Democracy is hard business, and though George Washington may not have liked them, political parties have proven essential to our nation’s 230-year experiment. Other democracies have also found political parties essential. Recently, Germany entered into its second grand coalition of the postwar era—the two major parties deciding to temporarily share power due to a hung election. They did, however, decide not to rid themselves of party labels.

Proponents of an open primary will argue that they are not ending political parties; they’re creating a system where moderate voices will rise to the general election ballot. Frohnmayer describes the benefits of the open primary this way, “Allow the disaffected independents to have a voice in the primary elections and mute the intransigence of ideological zealots at the same time. Recapture the center, from which both progress and stability usually flow.”

We argue the center has been recaptured. After all, Kulongoski, Saxton and Westlund are no one’s idea of ideological zealots.

Starting with vote-by-mail, Oregon’s leaders have tried to prop up our shrinking democracy by softening and making it easy for citizens, and, most importantly, by making it convenient. Whatever you do, they worry, don’t ask more of the electorate.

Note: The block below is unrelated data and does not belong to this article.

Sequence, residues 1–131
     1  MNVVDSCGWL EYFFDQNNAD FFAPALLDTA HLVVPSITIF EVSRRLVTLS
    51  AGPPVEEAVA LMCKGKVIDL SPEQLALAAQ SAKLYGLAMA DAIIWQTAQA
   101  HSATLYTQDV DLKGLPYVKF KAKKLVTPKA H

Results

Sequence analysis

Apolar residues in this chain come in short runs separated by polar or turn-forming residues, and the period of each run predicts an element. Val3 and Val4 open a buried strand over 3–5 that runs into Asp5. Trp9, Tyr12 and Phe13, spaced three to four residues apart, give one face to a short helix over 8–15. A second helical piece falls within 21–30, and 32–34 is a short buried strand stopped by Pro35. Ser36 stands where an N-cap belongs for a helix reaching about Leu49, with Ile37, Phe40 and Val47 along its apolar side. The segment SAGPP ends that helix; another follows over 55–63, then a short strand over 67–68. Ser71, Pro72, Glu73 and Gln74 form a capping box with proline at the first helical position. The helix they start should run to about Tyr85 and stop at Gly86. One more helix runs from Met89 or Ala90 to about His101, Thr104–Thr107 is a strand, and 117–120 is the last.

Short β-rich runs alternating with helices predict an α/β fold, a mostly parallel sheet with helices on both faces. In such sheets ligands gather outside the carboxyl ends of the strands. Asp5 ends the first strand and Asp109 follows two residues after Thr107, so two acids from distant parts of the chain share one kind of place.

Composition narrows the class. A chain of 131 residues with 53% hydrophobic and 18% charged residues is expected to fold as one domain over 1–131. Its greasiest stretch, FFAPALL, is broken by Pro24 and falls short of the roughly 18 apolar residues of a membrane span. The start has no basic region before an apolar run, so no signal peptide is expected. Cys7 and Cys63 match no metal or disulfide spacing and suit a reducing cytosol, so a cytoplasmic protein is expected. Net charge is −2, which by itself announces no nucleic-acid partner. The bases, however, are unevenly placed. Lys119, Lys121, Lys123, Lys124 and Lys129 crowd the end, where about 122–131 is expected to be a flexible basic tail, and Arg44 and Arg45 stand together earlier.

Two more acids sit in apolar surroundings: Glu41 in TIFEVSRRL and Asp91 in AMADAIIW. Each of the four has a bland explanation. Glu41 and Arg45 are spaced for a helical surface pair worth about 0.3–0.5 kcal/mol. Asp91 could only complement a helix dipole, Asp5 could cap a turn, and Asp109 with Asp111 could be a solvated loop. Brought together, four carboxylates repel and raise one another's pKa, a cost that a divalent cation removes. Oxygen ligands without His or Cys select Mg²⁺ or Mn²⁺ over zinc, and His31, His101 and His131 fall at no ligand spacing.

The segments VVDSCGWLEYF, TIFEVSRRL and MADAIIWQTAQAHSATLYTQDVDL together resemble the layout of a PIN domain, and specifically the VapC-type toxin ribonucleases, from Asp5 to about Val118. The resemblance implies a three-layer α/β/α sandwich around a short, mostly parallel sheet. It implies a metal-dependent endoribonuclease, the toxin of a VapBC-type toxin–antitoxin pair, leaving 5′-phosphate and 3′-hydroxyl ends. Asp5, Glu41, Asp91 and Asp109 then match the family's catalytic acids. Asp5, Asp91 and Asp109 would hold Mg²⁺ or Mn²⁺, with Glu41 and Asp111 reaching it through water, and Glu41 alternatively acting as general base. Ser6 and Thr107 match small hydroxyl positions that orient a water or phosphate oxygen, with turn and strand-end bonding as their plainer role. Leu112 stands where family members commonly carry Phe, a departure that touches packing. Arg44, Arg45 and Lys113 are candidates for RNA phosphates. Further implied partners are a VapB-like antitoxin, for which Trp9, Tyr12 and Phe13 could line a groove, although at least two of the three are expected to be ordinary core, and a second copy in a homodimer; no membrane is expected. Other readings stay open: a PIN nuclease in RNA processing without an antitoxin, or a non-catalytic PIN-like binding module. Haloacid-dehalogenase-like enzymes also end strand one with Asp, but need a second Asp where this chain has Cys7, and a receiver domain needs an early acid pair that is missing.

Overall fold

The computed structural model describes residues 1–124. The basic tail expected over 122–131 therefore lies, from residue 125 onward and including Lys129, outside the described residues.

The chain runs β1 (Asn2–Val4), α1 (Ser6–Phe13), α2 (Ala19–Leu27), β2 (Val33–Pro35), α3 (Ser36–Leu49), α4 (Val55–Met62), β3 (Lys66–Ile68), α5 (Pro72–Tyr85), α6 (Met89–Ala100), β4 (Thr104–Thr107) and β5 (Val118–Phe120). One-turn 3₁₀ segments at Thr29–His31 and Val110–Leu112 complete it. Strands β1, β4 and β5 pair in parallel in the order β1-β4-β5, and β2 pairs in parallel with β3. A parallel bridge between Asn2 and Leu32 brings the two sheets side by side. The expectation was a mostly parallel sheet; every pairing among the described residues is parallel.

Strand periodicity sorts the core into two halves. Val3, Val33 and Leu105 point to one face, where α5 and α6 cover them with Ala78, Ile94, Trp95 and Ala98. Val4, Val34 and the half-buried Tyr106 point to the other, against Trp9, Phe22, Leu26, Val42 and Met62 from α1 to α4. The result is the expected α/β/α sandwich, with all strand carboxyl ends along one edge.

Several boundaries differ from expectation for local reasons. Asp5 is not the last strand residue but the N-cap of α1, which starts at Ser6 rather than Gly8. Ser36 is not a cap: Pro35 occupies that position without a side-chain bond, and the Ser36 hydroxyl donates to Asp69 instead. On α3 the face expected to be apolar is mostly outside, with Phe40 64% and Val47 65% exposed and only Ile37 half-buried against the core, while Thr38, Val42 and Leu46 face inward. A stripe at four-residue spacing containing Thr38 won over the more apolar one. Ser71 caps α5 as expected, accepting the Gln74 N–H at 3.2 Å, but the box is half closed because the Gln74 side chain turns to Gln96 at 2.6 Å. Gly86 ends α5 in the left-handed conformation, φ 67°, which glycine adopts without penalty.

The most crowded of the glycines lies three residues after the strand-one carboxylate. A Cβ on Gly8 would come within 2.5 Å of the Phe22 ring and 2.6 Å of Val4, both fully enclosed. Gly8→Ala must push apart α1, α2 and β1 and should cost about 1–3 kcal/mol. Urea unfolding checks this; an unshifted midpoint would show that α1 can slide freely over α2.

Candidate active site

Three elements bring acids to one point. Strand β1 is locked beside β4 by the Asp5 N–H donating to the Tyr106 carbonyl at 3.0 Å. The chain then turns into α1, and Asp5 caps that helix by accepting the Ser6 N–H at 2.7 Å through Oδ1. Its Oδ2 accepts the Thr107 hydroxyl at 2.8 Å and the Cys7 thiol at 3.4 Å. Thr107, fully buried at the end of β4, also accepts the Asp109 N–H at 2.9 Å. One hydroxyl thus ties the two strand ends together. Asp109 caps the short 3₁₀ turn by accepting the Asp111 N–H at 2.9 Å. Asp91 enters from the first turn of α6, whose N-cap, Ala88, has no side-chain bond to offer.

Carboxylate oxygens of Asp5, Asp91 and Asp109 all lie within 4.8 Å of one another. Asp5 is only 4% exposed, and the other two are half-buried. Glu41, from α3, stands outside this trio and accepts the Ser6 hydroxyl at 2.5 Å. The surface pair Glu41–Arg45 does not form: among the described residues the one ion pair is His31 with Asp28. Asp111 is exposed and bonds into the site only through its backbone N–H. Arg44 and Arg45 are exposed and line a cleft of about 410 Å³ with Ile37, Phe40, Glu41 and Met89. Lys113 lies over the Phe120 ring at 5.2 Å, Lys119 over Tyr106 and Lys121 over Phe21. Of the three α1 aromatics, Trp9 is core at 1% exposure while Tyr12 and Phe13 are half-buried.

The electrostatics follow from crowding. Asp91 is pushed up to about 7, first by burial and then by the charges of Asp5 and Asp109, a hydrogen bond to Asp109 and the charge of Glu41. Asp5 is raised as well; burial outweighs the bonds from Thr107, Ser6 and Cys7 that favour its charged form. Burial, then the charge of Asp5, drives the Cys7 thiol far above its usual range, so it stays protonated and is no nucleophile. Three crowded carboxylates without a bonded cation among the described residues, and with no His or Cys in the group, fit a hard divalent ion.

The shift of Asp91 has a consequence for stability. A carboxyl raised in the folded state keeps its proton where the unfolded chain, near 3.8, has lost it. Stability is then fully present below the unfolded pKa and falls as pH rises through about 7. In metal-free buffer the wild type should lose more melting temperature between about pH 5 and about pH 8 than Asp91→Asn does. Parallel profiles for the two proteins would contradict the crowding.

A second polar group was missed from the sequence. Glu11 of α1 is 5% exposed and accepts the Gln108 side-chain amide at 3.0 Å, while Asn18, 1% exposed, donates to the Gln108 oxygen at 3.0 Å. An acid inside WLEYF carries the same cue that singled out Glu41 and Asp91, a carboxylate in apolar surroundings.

Oregon soldiers, right now, are fighting and dying in the Middle East—but only a third of our citizens care to vote, let alone put up a lawn sign, canvass a neighborhood, or, God forbid, run for office themselves. Citizens want democracy lite, and thus far we have obliged ourselves by cheapening the process.

The fault isn’t in our political parties; it is in us, our culture. And so far, political parties have done a pretty good job of helping protect us from ourselves. Each time we dismantle a component that makes democracy cumbersome, we also dismantle a component that makes democracy work, and we move a step closer to tyranny.

A former member of the Blair cabinet, David Blunkett, told the Financial Times in May that what the left fails to understand is that every time the public gets scared they move right, not left. Contrary to Frohnmayer’s opinion, political parties in the long run are a force against reactionary politics, not a force for them.

So before we dismantle, let’s do what Frohnmayer suggests: Count to ten … and then vote No on the open primary.

Valley Forge: George Washington and the Crucible of Victory Writing team Gingrich and Forstchen follow up the success of To Try Menís Souls (2009) with another novelization of a seminal episode in the history of Revolutionary-era America. Once again, George Washington provides both the narrative focal point and the moral core of the story, as he and his fledgling Continental Army struggle to survive the bitter winter of 1777 at Valley Forge.